Why We Increased Our Monthly Grocery Bill By $75

Guest post from Anne of Modern Mrs Darcy

One year ago I made an unusual decision in the name of frugality: I added $75 to our monthly grocery budget.

When I made that decision, I had whittled our grocery bill down to the lowest point it had been in five years, thanks to discovering MoneySavingMom.com in 2009! I had attacked our grocery bill: getting that dollar figure to drop had become a game — and I was winning.

But then I took our fourth baby to the pediatrician for his 12-month check-up, and found out he was half a pound shy of staying on his growth curve. My kids have all been shaped like little beanpoles — it’s in their genes — and I’m familiar with the drill for slow-to-gain kids like mine: offer lots of quality high-fat foods, early and often. But my baby’s favorite foods (like avocados and Sunbutter) were expensive, and I hadn’t been tossing them in my grocery cart as often as I should have.

Other than being a little on the light side, he checked out great. For most babies, the low weight would have been a wait-and-see issue, but our family’s medical history made it prudent to err on the side of caution. So off we went to the children’s hospital for some routine tests to make sure everything was okay.

$900 later we found out it was. I regretted every avocado I hadn’t bought, thinking how many I could have purchased for that sum.

Even with the good report, our doctor encouraged us to make weight gain a priority. So we re-grouped. My pediatrician and I made a plan, and the linchpin was a diet heavy in healthy foods that were high-quality and high-fat.

I realized that the most frugal thing I could do was increase my grocery budget. I gave myself permission to opt out of the grocery game, and allotted an extra $75/month to stock up on healthy, high-calorie foods.

I still tried to get the most out of our grocery dollars:

But I didn’t sweat the extra expense, because his health was the top priority, and we’d budgeted the funds.

I continue to spend more on groceries than I used to, but that’s okay. My baby just turned two, and when we visited the pediatrician for his well-check he passed with flying colors. Our baby is healthy, and our medical bills have been minimal.

I don’t get the same thrill in the Kroger checkout lane as I did back when our grocery bill was smaller. But by stepping back to focus on the big picture — and not just a single line item of our household budget — I’m being a better steward of our family’s resources.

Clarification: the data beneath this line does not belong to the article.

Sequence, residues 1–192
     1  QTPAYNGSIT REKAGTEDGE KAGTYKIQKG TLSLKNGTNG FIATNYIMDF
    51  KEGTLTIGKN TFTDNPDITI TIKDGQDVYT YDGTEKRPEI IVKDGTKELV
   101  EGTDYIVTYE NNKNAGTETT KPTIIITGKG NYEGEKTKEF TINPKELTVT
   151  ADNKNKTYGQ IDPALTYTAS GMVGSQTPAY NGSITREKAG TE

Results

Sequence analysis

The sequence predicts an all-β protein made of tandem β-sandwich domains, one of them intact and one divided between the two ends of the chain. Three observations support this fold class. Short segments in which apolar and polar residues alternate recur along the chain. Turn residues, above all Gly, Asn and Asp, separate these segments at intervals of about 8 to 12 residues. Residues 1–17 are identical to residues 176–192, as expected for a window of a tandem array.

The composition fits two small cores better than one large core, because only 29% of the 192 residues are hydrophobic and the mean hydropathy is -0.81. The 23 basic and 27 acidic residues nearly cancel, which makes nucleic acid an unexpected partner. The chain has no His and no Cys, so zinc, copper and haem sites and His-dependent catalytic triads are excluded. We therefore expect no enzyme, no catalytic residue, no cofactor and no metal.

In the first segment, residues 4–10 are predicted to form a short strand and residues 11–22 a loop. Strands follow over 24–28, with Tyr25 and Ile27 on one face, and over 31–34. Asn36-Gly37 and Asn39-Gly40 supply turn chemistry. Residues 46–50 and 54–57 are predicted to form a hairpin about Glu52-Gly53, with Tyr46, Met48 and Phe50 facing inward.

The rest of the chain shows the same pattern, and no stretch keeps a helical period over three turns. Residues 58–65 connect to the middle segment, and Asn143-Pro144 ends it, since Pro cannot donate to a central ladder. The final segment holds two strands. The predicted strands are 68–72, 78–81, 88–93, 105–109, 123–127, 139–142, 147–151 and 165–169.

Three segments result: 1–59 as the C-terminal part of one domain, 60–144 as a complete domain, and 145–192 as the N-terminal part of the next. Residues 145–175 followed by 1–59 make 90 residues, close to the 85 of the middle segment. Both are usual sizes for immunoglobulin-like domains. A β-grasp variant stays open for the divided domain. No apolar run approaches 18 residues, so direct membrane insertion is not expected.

Anne blogs about redefining the accomplished woman at Modern Mrs Darcy. She’s a voracious reader, writer, and nutrition junkie, and a mom to four healthy and happy kids, who eat lots of almonds and avocados.

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Comments

  1. Carrie says

    I’ve also found that spending a bit more on healthful, delicious items at the grocery store saves us money elsewhere. We are more likely to eat at home when we have quick, nutritious food options like fish, so we spend less eating out.

  2. jessica says

    honestly i find this article rather disturbing…i cant believe that if you (i say that in general, not to the author specifically) have a baby that struggles with being underweight you would even consider for a moment cutting back on grocery spending…(unless you’re truely in dire straights financially…and then ther’s WIC/welfare help). !!

    • Ellen says

      Jessica, she is saying that she was making different choices to cut back on the grocery bill BEFORE she found out about the weight issue (which was only 1/2 a pound, so not really drastic!). As a healthy adult from a very healthy-eating family where as children we were ALWAYS far below the weight curve, I don’t think this is in any way talking about starvation or children. It sounds to me like they were eating plenty, just not some of those higher-fat-higher-cost items. As soon as the author realized it was an issue, she made sure to up the budget to include them.

      In fact, I think she is making the point that you are – a child’s health is more important than a budget number.

  3. Jen@anothergranolamom says

    I think it is really important to remember that buying high quality food saves in health and energy/quality of life in the long run. Our family is very active, and we wouldn’t be able to do the things we enjoy most without good foods to fuel our day. We make our grocery bill an investment in ourselves.